The U.S. Food and Drug Administration is currently finalizing rules for irradiation of molluscan shellfish and evaluating petitions to allow the irradiation of crustacean shellfish. Irradiated oysters will have significant benefits to consumers, the oyster industry and public health because irradiation is effective against Vibrio vulnificus. Vibrio vulnificus occurs naturally in Gulf waters and cannot be controlled through normal safeguards such as sanitary surveys of shellfish harvesting areas. Vibrio infection is a special concern for raw oyster consumers who may unknowingly have underlying liver disease or be immuno-compromised. The U.S. General Accounting Office has issued a report that is critical of current efforts to prevent Vibrio infection among consumers of raw shellfish.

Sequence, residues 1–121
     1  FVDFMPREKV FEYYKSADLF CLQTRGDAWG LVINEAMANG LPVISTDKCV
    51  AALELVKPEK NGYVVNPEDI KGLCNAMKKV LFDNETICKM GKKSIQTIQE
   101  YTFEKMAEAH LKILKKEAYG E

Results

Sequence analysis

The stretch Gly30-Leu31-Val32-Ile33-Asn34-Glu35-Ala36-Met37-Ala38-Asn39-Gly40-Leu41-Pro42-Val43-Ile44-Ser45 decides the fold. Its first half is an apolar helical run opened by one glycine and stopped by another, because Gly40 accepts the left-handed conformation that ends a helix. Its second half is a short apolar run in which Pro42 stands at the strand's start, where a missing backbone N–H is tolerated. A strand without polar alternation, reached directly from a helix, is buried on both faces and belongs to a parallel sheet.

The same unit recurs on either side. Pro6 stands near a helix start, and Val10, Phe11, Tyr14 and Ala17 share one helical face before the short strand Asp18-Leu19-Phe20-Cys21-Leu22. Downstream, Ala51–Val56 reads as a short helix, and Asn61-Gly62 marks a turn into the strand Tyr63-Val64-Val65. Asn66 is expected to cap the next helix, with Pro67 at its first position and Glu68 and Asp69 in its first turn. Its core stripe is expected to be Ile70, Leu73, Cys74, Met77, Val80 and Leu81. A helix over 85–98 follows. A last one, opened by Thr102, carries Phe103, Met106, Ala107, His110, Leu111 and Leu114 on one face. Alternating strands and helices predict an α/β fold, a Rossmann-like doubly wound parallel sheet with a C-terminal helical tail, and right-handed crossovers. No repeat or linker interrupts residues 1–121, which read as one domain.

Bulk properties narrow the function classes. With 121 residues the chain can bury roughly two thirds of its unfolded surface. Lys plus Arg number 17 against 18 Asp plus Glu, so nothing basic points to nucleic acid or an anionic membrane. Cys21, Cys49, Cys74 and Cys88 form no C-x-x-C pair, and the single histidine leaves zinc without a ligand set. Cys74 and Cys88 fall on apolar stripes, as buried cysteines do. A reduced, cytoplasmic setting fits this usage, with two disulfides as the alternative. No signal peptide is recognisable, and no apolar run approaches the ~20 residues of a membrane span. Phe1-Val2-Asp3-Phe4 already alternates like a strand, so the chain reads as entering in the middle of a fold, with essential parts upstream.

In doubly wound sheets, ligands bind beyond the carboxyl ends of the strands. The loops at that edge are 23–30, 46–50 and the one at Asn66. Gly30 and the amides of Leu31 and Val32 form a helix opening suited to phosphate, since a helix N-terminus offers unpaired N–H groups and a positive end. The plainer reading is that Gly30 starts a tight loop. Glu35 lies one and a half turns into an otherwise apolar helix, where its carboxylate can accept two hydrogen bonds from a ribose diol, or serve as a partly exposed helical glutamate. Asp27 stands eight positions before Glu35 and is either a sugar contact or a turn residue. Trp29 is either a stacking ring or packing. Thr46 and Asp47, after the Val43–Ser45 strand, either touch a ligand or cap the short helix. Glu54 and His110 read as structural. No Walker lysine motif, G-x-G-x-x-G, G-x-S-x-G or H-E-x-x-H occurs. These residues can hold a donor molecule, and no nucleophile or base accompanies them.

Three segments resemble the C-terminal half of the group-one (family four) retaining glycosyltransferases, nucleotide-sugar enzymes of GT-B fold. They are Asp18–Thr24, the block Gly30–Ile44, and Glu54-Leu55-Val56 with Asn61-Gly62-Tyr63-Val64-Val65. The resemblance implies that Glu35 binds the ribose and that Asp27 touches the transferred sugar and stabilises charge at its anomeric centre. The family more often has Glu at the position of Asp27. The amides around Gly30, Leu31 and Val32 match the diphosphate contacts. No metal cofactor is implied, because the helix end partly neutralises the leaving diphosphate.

FTSI’s irradiation process takes only minutes to pass gamma rays through crustaceans and oysters. Nothing is retained in the crustaceans and oysters, the process cannot make the products radioactive and the temperature of the crustaceans and oysters is maintained. University researchers have found that a minimum dosage of 0.6 KGray effectively controls Vibrio Vulnificus in oysters and our goal is to use this minimum dose. The actual dosage used will be based on the needs of the customer and will be verified for each lot.
FTSI has discussed our plans to irradiate oysters with the Florida Department of Agriculture and Consumer Services. They inform us that once the U.S. Food and Drug Administration approves the process, the only requirement for licensed shellfish dealers will be for the Florida Department of Agriculture and Consumer Services to approve the dealer’s revised HACCP plan which describes the addition of the irradiation process. If you are a licensed shellfish dealer interested in working with FTSI to revise your HACCP plan or to plan the logistics of irradiating your oysters, please contact us at email@example.com.